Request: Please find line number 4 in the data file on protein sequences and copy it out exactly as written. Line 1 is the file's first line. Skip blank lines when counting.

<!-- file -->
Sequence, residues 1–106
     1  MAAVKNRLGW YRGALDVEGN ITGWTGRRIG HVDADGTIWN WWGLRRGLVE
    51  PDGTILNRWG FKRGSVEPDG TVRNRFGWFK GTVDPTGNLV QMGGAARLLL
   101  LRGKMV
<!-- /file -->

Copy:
   101  LRGKMV